Stalking by Cellphone

Image by blakespot, via Flickr

Image by blakespot, via Flickr

Alexis Moore knows what it means to be the victim of a cyberstalker.

Her ex-boyfriend hacked into her online accounts and her cellphone, and emptied her bank account—an experience that was so traumatic she attempted suicide in 2006. One of the hardest things, she recalls, was convincing authorities that a crime had taken place.

“I understand that to them there's no chalk around a body,” she says. “There's no tape at a stalking or cyberstalking crime scene, but victims are falling through the cracks. “

But now, Moore and others who are advocates for domestic abuse victims say technology has come up with yet another worrisome tool: tracking apps installed in smartphones.

The apps, a popular option for parents monitoring their kids' whereabouts, can also be used to monitor and exert control over a spouse, partner or date—often the first sign that a relationship could turn, or has already become, abusive—and they are not only changing the way advocates think about getting victims out of harm's way, but affecting the way police departments respond to stalking cases.

Abusers who once simply followed victims by car, monitored their laptop activity, or even installed a GPS tracking device in their vehicle, now have a powerful new tool that has made it easier for anyone who wishes to track someone for the purposes of monitoring and controlling their behavior.

“For an already abusive partner, these apps just amplify a situation,” says Jessica Yaffa, a domestic violence survivor as well as co-founder of No Silence No Violence.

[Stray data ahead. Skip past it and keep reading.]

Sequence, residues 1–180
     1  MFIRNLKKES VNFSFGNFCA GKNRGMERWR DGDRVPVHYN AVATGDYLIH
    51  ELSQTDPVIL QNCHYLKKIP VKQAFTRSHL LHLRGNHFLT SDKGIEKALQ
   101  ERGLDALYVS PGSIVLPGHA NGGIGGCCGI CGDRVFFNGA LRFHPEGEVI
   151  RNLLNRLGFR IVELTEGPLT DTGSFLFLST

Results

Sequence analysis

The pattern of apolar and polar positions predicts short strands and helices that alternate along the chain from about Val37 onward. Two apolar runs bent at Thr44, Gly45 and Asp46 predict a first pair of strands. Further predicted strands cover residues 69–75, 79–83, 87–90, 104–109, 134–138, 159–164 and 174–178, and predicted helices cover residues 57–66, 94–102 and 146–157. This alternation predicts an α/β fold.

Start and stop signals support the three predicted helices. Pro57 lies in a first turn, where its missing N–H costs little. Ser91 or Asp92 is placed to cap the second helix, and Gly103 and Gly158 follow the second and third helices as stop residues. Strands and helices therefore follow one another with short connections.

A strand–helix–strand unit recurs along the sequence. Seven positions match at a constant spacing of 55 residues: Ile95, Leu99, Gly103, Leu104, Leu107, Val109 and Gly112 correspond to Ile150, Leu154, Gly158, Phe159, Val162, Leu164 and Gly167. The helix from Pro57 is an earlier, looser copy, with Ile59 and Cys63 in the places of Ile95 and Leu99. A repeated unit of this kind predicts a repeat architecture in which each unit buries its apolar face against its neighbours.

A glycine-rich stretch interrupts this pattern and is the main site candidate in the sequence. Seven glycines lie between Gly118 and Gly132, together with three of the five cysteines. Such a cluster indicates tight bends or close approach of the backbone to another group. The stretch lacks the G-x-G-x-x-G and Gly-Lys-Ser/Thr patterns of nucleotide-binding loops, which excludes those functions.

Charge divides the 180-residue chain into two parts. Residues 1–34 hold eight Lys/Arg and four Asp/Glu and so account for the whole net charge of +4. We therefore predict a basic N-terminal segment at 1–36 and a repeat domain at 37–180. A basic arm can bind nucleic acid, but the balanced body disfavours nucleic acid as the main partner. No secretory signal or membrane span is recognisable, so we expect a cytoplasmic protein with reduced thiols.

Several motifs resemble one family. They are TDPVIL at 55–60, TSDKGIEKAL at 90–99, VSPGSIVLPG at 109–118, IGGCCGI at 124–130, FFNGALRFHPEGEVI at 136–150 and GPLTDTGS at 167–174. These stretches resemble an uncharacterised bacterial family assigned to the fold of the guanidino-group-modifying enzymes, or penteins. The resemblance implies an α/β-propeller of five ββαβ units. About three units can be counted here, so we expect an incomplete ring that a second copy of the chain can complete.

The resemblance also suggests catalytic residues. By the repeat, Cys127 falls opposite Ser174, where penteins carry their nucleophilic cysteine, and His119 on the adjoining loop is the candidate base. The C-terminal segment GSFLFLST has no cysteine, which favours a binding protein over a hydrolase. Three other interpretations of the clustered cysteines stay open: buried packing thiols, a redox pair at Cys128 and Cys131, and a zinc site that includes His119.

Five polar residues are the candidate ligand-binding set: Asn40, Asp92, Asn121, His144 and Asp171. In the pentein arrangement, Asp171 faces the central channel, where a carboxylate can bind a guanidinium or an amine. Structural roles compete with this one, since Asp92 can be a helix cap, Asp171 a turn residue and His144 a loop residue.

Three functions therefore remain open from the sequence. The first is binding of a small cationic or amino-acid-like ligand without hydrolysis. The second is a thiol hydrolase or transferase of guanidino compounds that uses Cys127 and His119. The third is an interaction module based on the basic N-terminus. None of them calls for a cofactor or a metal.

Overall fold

Isolating the Victim

Yaffa, who is also co-founder of The Restoration Inn, a women's rehab center for those suffering relationship abuse and substance disorders, adds: “Part of what happens is isolation: the goal for the abuse itself is to pull the partner away from things outside the relationship.”

A 2010 National Intimate Partner and Sexual Violence Survey released by the Centers for Disease Control, found that one in six women and one in 19 men were stalked at some point in their lifetime. The majority of stalkers are male, and are usually current or ex-partners or spouses.

Although the rate of serious intimate partner violence declined 72 percent for women and 64 percent for men from 1994 to 2011, according to the U.S. Department of Justice, many domestic violence advocates are still concerned that stalking, a behavior often observed shortly before intimate partner homicides is becoming easier than ever. (76 percent of female homicide victims were stalked by their murderers, according to the latest data available, from 1999.)

One recent example is Jesus A. Lopez, who used a cellphone equipped with GPS that he placed in his estranged wife's car for the purposes of tracking her, according to the Chicago Tribune. Lopez was arrested in February and subsequently charged with stalking. He also has a conviction for violating an order of protection in addition to a few domestic violence arrests.

In January, a U.K. man is alleged to have stabbed the man his wife was sleeping with after tracking him down through a mobile phone app, according to the London Daily Mail.

However, it's not always the people tracking their partners and spouses who are charged with a crime.

Last September, Hammad Akbar was indicted in the Eastern District of Virginia for allegedly “conspiring to advertise” and sell a Spyware app, StealthGenie. An FBI statement announced that it was the first ever criminal case regarding the sale and advertisement of a mobile device spyware app.

Tracking someone's movements via phone is only one way an abuser can terrorize a partner or a former partner.